Archive for the ‘vietnam’ Category

Hanoi Hotels

Wednesday, May 11th, 2016

The grande dame is the centrally located Sofitel Metropole, the new 5* Intercontinental on West Lake is a great option although about 10 minutes distant from the center, and both the Hanoi Hilton and Melia are accessible and comfortable. They all run $200 + per night. The Church Hotel at 9 Nha Tho, near the Cathedral, is about $70 per night and a sister hotel at nearby Hang Gai 95 has just opened. Two new downtown hotels are the Opera and the Golden Silk – both ultra-modern but over the top glitzy with crystal chandeliers and mirrors galore. My favorite budget hotel, the $35 a day Freedom Hotel at 57 Hang Trong Street, has died and joined its ancestors, but an excellent substitute is the Lucky 2 Hotel at 46 Hang Hom at $55. Perfect location in the heart of the Old Quarter – 5 minutes by foot to Hoan Kiem lake and to the Cathedral area, friendliest staff possible, absolute security for guests and their belongings. Ask for one of the sixth floor rooms with a balcony and city views, and yes, there is an elevator.

Hanoi Moments

Wednesday, April 20th, 2016

Thoughtful moments: To appreciate the beauty and vibrancy of Hanoi and its people, walk around Hoan Kiem lake, then park yourself on a park bench and observe. For non-denominational feelings of peace and reflection, visit the One Pillar Pagoda at Quang Trung. To realize that while the Western world was mired in the Dark Ages, Vietnam had an active university, visit Van Mieu, the Temple of Literature. And to appreciate Vietnam’s history and culture, visit the History Museum, the Ethnology Museum, and the Fine Arts Museum.

Hanoi Restaurants

Tuesday, April 12th, 2016

Hanoi has terrific food, both in restaurants and on the street. Here are some of my favorites:

Vietnamese: Garden cafe, 36 Hang Manh (regular and veg) tel 38243402; Ashima, 44 Phan Dinh Phung (hotpots) tel 37344600; Chim Sao, 65 Ngo Hue (seating on cushions, ethnic specialities) tel 39760633; Press Club, 59A Ly Thai To tel 39340888; Au Lac, 13 Tran Hung Dao (upscale) tel 39333533, A La Carte at Hang Bun 21, in the very north of the Old Quarter, tel 39275655.

Italian: Pane e Vino in alley off Trang Tien 29; Mediterraneo, 23 Nha Tho tel 38266288

Baan Thai at 3B Cha Ca St, 39232336

Vegetarian: Tamarind Cafe at 80 Ma May St, Com Chay at 79A Tran Hung Dao St

Upscale: Verticale on 19 Ngo Van So Street gets my vote for the most amazing culinary experience in Vietnam (and maybe Asia) thanks to chef Didier Corlou. Buying spices in the entrance floor of the French villa will remind you, when you’re back home, of the wonderful tastes. Sadly, Corlou’s second restaurant, Mme Hien, serves bland and uninteresting Vietnamese dishes. Stick with Verticale.  Or the newer branch, Porte D’Annam,  opposite the Cathedral at 22 Nha Tho St. La Badiane on 10 Nam Ngu offers French cuisine with lovely garden dining. See also Wild Lotus on Nguyen Du St, and Spice Route at the Sofitel Metropole.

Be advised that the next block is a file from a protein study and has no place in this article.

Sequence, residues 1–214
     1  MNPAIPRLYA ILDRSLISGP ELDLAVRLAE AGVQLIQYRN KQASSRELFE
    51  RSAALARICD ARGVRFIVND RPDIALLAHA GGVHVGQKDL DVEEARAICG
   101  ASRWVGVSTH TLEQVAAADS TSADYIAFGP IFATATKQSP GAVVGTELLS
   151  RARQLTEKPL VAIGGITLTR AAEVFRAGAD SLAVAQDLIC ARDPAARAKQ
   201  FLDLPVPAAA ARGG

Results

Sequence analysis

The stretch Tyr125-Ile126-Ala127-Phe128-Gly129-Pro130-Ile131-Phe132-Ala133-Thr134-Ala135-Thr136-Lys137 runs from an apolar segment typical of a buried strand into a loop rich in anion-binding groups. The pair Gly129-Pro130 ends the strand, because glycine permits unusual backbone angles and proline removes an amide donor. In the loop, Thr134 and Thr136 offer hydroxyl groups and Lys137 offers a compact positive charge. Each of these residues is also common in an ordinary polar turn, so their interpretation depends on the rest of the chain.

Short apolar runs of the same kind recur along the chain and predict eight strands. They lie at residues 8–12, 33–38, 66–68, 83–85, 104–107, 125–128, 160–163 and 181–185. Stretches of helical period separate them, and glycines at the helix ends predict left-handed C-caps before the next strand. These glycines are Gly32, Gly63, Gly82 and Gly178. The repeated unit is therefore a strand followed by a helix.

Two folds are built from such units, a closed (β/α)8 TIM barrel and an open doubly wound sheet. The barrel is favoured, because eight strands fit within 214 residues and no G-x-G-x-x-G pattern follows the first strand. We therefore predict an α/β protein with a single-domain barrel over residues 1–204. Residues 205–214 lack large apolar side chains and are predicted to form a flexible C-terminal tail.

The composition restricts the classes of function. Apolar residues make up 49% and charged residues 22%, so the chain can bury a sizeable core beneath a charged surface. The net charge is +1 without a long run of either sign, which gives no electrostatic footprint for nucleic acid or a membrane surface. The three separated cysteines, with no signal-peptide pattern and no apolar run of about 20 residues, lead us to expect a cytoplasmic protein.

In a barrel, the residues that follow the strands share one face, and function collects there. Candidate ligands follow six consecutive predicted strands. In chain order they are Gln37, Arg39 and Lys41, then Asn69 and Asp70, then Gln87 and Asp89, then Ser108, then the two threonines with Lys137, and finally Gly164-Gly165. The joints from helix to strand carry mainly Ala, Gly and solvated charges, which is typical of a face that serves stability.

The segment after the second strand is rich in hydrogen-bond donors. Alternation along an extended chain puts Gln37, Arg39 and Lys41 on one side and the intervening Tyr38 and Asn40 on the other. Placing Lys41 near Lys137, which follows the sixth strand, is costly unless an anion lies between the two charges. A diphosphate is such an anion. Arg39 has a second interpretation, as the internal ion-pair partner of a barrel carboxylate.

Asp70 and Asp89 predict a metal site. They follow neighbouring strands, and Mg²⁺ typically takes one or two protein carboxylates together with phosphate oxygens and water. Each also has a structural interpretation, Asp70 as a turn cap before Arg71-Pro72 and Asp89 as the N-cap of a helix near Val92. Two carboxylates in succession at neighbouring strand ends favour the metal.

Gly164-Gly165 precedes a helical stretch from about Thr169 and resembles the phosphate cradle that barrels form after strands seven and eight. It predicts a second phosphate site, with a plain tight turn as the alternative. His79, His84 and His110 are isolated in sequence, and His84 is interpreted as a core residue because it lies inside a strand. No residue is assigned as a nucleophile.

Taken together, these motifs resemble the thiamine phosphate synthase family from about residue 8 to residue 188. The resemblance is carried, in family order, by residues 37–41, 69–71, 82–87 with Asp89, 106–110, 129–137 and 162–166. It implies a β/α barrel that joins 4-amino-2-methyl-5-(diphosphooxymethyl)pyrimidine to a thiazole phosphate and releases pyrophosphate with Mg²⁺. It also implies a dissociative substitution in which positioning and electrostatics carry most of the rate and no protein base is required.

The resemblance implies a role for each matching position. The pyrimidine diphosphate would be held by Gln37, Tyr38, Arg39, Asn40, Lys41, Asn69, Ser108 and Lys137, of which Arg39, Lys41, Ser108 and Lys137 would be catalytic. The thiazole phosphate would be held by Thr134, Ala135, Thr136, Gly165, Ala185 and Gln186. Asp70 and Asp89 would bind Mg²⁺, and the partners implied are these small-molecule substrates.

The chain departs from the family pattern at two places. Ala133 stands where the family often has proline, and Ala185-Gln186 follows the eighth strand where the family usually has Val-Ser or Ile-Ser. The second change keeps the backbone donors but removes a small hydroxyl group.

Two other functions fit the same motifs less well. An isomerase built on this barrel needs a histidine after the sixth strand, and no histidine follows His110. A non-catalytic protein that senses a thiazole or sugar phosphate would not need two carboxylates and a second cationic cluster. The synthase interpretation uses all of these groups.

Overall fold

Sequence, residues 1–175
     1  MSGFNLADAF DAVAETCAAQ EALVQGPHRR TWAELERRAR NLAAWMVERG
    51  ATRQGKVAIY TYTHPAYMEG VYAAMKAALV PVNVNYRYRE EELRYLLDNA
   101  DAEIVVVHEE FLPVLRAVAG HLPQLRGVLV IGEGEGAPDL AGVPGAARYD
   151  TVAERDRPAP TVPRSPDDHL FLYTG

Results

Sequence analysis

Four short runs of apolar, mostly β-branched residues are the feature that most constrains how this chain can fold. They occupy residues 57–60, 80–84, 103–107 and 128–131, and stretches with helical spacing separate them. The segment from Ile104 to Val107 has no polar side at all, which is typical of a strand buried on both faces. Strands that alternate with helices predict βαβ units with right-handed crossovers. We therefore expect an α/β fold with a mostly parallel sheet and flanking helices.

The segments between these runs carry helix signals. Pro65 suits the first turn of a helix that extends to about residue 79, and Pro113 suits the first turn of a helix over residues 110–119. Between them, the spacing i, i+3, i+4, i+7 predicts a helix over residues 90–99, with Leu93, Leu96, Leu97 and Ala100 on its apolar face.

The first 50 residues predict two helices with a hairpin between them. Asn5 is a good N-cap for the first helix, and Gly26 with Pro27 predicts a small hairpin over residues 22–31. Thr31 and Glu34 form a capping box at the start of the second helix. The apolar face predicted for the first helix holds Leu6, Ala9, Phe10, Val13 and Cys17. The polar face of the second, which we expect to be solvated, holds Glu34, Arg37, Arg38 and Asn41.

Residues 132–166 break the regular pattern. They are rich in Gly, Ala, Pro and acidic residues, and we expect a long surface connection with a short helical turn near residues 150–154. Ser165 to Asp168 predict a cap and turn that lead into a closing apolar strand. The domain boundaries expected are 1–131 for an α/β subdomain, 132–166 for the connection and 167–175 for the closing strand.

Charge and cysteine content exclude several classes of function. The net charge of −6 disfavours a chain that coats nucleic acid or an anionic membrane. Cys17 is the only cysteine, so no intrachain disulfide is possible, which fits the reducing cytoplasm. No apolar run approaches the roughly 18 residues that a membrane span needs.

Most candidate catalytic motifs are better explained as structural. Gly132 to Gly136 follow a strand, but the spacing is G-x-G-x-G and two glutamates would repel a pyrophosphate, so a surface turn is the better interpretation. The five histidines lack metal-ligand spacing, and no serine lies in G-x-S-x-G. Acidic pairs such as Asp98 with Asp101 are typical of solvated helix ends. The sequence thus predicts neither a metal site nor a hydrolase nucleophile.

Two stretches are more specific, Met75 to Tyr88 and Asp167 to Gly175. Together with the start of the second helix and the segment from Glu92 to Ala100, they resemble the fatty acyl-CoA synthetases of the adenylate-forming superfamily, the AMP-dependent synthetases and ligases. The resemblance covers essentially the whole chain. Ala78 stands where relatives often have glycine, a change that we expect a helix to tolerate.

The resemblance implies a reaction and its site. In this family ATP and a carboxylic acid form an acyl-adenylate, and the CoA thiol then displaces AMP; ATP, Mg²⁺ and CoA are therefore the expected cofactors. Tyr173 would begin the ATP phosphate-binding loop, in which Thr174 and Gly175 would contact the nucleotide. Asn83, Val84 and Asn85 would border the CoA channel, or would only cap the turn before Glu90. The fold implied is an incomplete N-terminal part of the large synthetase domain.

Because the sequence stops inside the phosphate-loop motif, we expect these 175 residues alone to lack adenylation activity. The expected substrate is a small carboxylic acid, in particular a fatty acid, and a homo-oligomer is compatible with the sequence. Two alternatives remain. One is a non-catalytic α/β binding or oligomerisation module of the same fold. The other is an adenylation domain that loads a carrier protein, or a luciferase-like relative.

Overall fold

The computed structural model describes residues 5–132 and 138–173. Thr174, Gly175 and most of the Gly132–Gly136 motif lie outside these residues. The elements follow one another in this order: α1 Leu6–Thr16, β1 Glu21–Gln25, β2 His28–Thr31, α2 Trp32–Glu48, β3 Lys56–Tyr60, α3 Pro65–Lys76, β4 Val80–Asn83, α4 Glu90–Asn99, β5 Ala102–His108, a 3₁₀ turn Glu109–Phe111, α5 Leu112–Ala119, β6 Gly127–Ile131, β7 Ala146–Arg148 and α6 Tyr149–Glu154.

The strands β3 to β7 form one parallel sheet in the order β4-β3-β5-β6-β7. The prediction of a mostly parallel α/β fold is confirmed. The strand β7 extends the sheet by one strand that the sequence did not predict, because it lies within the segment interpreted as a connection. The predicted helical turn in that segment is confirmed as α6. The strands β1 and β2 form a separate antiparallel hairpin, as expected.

Street food: Bun Cha on Hang Manh, 1 corner north of Hang Bong – the best spring rolls and grilled meat in Hanoi! For non-meat lovers – Amazing crab rolls with all the local fixings, every day between 11am – 2:30 pm, at the stall on Hang Ma st corner of Hang Dong. Great food stalls on Quang Trung, opposite the One Pillar Pagoda. Fanny Ice Cream  is not to be missed – try the cinnamon (que) and young rice flavors. And pho ga, the national dish of chicken soup, is best sampled at Quan Com Pho or Mai Anh, both on Le Van Huu Street. Ask for ‘quay’, a dumpling, to be added.

Joma bakery and cafe at 22 Ly Quoc Su is wondrous – banana bread, pastries, great coffee and spacious large a/c rooms and a terrace, all with wifi. Marilyn, with a balcony overlooking the Cathedral, is perfect for quick snacks. Puku, at the very top of Hang Bong street (on ‘Food St’) is open 24/7 and serves the best cappuchino in Hanoi, as well as live music and cafe food.

If you’re staying for a few days and love fruit, stock up on whatever is seasonal. Apples, grapes, anona (custard apples), pineapples, watermelon, bananas and oranges are all in abundance. Sidewalk vendors are everywhere or look around the small shops just across from the old Hang Da market.

For stocking up on staples – water, beer, crackers, snacks and also dairy products – milk, yoghurt and imported cheese – try Hapro, a supermarket near Hoan Kiem lake, hidden behind cafes and shops on Le Thai To. The Wine Cellar at 59 Hang Trong has an excellent variety of international wines.

Hanoi cultural venues

Saturday, April 9th, 2016

Two international cultural venues in Hanoi should not be missed: L’Espace at 24 Trang Tien, where the French Cultural Center offers a rich schedule of films, art exhibitions and music, and the German Goethe Institute at 56 Nguyen Thai Hoc, which also offers a rich selection of art exhibitions and films. Manzi is an artspace/cafe/bar which always has interesting things and cool people, at 14 Phan Huy Ich (a healthy walk north of center).

Hanoi Shopping and Services